and then the ditches filled with rain?

                                                Anzac Day 25/4/15

© 2015 Rob Schackne

Friday, April 24, 2015

POEM: "But You See It, Don't You?"




But You See It, Don't You?


The clouds perfect, reflected
in a pristine watercourse. Sunny
and warm. Interesting breeze off the hills.
They (the old ones) sit outside in the sun.
But every place there is a shop, people
scattering sunflower seeds and waiting
for the next busloads of you and me.
And you wonder, why duplicate beauty
and why do it like that? It was just itself
and minding its own business, like a cat.
No point to anything but its own rest.
But if you can take a photo of something
the people want to look at, it's real money.
(Spirit was moved, it took a real deep breath)
Money that the perfect clouds tried to wash
with intemperate rain. They thunderstruck 
the village, asking for it to listen up and mop.
To no avail. The river grew rubbish. Plants died.
Today, they (the young ones) spend their days
snotting on the steps, or fast asleep. Tomorrow
is about their phones trying to talk with ghosts.


© 2015 Rob Schackne

Wednesday, April 22, 2015

A Jiang Hao Poem



The Shape Of The Ocean


Every time you ask about the shape of an ocean
I should bring you two bags of ocean water.
This is ocean's shape, like a pair of eyes,
or the shape of ocean that eyes have seen. 

You touch them, as if wiping away two burning tears, 
as tears are the ocean’s shape, too, the clarity
springing from the same deep soul.
Putting the bags together will not
make the ocean wider. They are still fresh,
as if two non-fish will soon swim out.
You sprinkle the water to the sand of flour,
the bread, also, is the shape of the ocean.
Before you slice it with a sharp sail
it leaves, like a departing boat. The plastic bags
left on the table also have the ocean's shape, flat
with tides retreating from the beaches.
When the real tide goes away
there’s salt left, shaped as the ocean too.
You don't believe? I should bring you a bag
of water and a bag of sand, the shape of ocean.
You affirm, you deny; then you non-affirm,
and non-deny? Go on and try out yourself,
as this is your shape too. But you say
“I’m only the image of myself.”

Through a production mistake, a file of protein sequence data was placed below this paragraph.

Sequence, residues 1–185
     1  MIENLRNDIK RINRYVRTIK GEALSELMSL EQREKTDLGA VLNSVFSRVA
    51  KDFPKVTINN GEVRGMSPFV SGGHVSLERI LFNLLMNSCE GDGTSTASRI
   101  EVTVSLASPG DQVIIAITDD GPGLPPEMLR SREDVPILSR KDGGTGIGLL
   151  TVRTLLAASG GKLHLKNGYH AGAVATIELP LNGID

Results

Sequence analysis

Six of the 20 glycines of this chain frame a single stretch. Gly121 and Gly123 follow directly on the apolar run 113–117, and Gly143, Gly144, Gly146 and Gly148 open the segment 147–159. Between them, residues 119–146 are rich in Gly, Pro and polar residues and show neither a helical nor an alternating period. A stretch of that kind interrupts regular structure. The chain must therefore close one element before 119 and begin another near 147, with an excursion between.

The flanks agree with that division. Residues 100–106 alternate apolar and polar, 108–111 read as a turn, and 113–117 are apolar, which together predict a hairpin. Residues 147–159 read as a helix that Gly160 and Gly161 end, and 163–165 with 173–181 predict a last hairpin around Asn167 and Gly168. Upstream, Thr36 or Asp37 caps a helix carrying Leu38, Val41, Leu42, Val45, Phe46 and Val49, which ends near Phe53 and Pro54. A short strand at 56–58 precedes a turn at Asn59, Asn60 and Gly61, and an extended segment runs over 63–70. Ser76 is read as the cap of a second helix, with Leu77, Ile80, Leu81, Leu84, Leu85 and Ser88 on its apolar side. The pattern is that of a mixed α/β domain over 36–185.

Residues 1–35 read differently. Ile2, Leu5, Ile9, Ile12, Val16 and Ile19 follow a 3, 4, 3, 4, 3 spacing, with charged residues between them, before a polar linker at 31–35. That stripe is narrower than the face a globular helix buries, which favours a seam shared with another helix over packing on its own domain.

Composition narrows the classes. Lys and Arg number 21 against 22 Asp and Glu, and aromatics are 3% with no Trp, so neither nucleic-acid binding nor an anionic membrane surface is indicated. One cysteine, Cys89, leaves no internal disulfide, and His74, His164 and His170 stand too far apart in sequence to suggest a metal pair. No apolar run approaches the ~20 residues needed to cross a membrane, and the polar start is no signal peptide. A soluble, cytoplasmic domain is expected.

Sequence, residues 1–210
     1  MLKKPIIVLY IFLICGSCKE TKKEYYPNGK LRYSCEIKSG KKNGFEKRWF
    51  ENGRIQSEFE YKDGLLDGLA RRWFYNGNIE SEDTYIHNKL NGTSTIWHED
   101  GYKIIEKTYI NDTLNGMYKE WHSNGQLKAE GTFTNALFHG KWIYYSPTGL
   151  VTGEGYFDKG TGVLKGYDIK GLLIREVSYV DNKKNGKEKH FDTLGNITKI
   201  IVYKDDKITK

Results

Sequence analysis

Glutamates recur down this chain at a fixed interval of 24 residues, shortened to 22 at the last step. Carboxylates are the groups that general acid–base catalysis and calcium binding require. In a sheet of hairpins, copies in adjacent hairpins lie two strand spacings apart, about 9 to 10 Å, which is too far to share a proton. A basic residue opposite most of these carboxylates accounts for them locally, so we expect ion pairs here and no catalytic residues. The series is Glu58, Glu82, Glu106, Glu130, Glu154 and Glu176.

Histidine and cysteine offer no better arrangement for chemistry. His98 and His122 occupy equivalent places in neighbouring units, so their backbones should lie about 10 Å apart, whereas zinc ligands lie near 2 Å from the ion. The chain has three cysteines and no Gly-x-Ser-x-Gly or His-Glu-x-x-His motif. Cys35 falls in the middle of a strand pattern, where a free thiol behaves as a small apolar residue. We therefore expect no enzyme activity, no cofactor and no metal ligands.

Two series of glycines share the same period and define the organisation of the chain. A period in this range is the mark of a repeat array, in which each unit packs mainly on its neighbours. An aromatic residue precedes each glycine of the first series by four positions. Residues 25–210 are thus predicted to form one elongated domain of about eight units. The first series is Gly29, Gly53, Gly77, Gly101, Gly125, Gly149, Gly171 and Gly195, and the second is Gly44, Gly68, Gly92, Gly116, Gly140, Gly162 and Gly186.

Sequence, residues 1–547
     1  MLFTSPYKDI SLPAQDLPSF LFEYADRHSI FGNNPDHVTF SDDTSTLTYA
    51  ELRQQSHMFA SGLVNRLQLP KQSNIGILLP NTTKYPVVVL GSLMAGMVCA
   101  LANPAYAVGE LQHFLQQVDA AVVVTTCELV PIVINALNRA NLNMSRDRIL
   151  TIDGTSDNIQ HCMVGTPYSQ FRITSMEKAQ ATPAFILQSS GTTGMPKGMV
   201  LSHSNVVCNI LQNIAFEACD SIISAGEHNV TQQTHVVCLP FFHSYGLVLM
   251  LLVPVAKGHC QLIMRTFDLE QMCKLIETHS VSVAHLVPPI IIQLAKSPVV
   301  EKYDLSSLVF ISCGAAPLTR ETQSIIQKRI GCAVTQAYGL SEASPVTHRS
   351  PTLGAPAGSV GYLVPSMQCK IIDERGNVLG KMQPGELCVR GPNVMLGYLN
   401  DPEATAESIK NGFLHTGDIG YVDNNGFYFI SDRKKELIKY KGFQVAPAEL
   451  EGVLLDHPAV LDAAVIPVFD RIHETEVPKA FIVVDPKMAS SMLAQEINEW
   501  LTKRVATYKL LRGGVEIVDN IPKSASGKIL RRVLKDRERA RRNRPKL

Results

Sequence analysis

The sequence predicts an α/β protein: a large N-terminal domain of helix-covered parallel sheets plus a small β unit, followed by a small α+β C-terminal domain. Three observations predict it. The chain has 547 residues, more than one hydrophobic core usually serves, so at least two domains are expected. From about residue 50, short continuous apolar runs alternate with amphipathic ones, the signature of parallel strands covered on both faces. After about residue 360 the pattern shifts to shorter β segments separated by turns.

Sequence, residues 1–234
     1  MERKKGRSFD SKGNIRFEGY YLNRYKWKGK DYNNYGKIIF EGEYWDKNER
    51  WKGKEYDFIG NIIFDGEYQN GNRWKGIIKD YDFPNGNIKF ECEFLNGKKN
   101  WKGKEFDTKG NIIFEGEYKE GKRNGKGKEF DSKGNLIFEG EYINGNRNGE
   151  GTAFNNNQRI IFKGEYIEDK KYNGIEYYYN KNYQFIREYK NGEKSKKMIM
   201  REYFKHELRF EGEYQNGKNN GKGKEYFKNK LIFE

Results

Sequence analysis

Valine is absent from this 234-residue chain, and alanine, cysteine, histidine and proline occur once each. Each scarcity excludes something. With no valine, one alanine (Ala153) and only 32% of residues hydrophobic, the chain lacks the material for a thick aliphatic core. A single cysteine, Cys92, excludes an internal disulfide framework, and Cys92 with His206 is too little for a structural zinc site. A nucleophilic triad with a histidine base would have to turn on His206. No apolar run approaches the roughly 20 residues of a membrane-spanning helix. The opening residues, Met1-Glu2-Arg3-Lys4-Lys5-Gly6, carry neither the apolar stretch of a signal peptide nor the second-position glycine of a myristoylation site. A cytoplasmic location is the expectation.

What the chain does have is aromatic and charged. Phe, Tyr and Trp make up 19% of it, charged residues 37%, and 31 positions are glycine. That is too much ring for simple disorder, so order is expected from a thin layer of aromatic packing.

(2003) Tr. Ming Di and Afaa Weaver (2009)

Monday, April 20, 2015

POEM: "A Lament For When It Comes From Behind"



A Lament For When It Comes From Behind


That someone’s life is saved with
books or words, construction
with cranes and girders
that it rests in the sunlight
till the edifice is completed
except that the building’s flawed
and it rains like seven heavens
and bewildered by life’s lizards
the pipes leak important knowledge
and it’s thanks, I wasn’t saved at all.


© 2015 Rob Schackne

Sunday, April 19, 2015

POEM: "For Good"




For Good


                      “One hundred and fifty thousand people die every day,” he continues. 
                       “And a lot of them have dinner plans.” 
                            Anthony Martin, Escape Artist

                         So, teach us to number our days, that we may gain a heart of wisdom. 
                              Psalms 90:12


Let it counsel against hating
The strong and clean and good
But admit that blood covers it all
As even sunlight works with promise
To show us more pain every day

Everything rotting, it's hopeless
It wouldn’t work in an iron lung
As the literate despair will insist
Because the memory works like that
Against chance and change and sky

We will die because there is no choice
We will write poems because so much
Might get better if it would only try —
Work in an iron lung for nearly nothing
Ignore the nothingness until it goes for good.


© 2015 Rob Schackne

A Fanny Howe Poem



A Poem For Ciaran


The stroll from my cell
along the path above the donkeys
past a door open, a door shut
and a strong smell of wood
and cigarettes ends where
music helps white marguerites
cut through the masonry.

Dark for words with a clicking wren
a yellow tit and over the clover a
shovel and a rustle of grain.